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Original Research ARTICLE Provisionally accepted The full-text will be published soon. Notify me

Front. Psychol. | doi: 10.3389/fpsyg.2019.01986

Gendered Career Choices: Paths towards Studying a Degree in Physical Activity and Sport Science

  • 1National Institute of Physical Education of Catalonia (INEFC), Spain
  • 2University of the Balearic Islands, Spain
  • 3Complutense University of Madrid, Spain
  • 4University of Vigo, Spain

Drawing on social cognitive career theory (SCCT), we examined factors affecting interest in pursuing a degree in physical activity and sport science (PASS) among Spanish teenage students. Although women were awarded 55.1% of all bachelor degrees in Spain in 2017-2018, female enrolment in PASS degrees is decreasing and currently stands below 20% across the country. To better understand the under-representation of women in this field, 4146 students (50.2% girls; mean age=16.82 years; SD=.837) participated in a survey designed to measure a series of SCCT constructs: interest in studying a PASS degree, career outcome expectations and goal representations, and perceived social supports. With these data, we tested a set of path analysis models to explain gender differences in interest in studying a degree in PASS. These models tested the assumption that interest in PASS would mediate the paths from outcome expectations and social supports to goal representations. Model 1 assumed that interest would partially mediate the path from outcome expectations to goal representations, Model 2 assumed complete mediation, and Model 3 assumed absence of mediation. All models were tested separately for boys and girls. Our results provide information on how male and female students set personal goals based on expected career outcomes and show that this process is affected by gender stereotypes. The lack of interest by young women in studying a degree in PASS (only 7.8% of girls expressed this interest compared with 19.0% of boys), together with the gender differences observed in perceived social supports, outcome expectations, and goal representations, have several important theoretical and practical implications. The present research suggests that interventions that foster positive outcome expectations and social support are necessary to increase interest in studying PASS among teenage girls.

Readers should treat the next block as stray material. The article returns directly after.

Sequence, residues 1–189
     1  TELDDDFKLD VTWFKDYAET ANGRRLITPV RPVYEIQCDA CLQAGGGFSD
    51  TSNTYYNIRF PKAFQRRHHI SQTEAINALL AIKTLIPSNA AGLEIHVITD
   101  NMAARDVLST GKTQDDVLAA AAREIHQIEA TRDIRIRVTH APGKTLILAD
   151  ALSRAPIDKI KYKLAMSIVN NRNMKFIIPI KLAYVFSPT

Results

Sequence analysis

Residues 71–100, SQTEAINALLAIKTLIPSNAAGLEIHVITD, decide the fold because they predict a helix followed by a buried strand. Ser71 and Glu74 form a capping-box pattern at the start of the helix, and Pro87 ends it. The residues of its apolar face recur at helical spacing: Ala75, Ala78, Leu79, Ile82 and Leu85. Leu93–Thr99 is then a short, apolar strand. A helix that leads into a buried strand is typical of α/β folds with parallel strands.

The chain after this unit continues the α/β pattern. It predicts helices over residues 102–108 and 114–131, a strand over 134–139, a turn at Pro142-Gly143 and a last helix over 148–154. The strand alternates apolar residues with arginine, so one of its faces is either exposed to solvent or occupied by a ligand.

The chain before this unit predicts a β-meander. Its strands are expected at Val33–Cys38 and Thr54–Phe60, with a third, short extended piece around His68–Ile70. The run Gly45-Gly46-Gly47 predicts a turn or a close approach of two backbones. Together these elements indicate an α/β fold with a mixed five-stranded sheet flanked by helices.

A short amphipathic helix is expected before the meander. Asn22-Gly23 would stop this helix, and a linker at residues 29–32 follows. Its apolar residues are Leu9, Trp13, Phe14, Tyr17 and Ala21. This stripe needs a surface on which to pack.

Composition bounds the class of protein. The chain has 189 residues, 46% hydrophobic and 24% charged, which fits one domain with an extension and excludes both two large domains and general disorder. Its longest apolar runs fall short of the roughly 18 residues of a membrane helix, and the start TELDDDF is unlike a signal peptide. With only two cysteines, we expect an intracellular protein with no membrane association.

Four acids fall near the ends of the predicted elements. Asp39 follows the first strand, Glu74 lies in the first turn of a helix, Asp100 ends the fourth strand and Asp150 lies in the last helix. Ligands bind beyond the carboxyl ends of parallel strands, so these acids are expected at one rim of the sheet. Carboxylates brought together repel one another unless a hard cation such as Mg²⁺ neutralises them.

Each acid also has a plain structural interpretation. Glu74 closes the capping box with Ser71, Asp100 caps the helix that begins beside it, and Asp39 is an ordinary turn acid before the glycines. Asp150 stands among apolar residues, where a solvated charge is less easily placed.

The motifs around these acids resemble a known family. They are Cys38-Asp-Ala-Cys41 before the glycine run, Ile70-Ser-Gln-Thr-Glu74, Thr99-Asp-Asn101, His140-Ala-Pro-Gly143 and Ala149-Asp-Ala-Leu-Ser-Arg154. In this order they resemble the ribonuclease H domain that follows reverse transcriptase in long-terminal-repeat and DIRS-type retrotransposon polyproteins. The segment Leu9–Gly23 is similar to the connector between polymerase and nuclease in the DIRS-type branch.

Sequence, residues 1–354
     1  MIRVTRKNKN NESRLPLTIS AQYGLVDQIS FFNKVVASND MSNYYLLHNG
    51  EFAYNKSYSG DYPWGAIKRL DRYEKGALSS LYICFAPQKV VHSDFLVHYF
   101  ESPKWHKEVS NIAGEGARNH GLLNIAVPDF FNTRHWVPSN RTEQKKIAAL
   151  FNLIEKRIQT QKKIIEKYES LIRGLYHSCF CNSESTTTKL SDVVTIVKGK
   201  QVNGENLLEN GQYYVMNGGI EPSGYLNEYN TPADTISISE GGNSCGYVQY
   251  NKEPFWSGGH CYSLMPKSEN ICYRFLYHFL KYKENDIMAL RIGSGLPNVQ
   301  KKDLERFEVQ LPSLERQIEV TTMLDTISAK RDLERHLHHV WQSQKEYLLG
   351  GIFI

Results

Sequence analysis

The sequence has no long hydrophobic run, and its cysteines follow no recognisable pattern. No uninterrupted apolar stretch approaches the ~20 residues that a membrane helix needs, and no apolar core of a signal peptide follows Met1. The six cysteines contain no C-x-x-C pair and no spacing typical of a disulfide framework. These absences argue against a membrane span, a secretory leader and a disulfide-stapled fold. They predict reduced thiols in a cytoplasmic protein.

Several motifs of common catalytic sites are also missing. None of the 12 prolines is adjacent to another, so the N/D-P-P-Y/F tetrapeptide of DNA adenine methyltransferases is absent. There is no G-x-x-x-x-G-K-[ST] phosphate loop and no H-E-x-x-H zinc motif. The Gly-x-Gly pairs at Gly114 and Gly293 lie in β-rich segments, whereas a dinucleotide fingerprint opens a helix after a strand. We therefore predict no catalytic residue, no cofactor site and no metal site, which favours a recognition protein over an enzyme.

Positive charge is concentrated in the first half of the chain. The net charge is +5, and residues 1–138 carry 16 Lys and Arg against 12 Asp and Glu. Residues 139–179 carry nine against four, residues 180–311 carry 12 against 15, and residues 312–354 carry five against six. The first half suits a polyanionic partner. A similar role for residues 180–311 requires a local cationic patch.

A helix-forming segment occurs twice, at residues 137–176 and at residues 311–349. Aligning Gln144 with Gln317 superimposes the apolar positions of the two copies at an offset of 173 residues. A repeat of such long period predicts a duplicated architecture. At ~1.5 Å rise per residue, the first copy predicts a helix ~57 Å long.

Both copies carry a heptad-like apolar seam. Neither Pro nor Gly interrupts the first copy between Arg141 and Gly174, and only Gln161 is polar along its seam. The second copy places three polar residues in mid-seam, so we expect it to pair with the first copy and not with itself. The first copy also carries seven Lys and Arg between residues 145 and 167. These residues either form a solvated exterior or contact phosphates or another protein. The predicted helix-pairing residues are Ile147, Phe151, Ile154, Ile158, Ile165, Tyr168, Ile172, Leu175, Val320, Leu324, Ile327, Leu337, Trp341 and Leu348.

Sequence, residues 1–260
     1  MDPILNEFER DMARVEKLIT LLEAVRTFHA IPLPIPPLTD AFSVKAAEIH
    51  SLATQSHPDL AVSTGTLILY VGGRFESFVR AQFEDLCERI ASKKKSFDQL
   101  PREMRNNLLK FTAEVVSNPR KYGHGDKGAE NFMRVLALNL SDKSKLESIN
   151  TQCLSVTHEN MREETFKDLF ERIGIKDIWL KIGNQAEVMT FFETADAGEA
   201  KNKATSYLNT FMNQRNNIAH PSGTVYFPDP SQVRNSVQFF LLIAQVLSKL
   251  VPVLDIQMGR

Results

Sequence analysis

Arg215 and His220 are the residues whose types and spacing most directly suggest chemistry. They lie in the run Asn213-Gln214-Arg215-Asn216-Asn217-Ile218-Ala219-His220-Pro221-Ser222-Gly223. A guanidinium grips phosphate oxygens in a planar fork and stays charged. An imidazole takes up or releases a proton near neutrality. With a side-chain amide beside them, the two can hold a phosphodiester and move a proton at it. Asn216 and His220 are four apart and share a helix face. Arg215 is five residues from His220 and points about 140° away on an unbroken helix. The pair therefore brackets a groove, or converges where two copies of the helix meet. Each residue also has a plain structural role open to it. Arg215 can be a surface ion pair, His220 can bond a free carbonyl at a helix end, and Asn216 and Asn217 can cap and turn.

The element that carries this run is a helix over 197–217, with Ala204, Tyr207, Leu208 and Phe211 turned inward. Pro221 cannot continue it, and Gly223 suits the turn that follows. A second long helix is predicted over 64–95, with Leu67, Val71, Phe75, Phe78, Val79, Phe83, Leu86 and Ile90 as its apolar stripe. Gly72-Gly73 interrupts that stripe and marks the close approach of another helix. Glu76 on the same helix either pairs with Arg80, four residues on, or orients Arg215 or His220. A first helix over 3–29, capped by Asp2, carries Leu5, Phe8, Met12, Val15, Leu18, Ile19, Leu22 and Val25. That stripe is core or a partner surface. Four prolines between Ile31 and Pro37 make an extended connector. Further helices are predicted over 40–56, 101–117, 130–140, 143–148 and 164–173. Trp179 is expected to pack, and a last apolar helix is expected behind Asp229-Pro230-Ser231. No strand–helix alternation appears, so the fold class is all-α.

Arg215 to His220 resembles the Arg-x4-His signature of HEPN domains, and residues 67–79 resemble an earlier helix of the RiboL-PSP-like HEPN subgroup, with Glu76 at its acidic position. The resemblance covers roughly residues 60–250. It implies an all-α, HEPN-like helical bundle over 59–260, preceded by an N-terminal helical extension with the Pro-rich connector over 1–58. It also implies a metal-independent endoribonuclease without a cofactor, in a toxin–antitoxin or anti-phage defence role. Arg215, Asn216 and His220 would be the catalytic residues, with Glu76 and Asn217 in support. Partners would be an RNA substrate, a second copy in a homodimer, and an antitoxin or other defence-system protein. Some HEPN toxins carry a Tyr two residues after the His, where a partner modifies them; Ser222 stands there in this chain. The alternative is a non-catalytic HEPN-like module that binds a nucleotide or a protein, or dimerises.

Keywords: Interest, physical education (PE), Young people, gender differences, social support, Career Choice

Received: 30 May 2019; Accepted: 14 Aug 2019.

Copyright: © 2019 Serra, Soler, Camacho-Miñano, Rey-Cao and Vilanova. This is an open-access article distributed under the terms of the Creative Commons Attribution License (CC BY). The use, distribution or reproduction in other forums is permitted, provided the original author(s) and the copyright owner(s) are credited and that the original publication in this journal is cited, in accordance with accepted academic practice. No use, distribution or reproduction is permitted which does not comply with these terms.

* Correspondence: Mx. Susanna Soler, National Institute of Physical Education of Catalonia (INEFC), Barcelona, Spain, ssoler@gencat.cat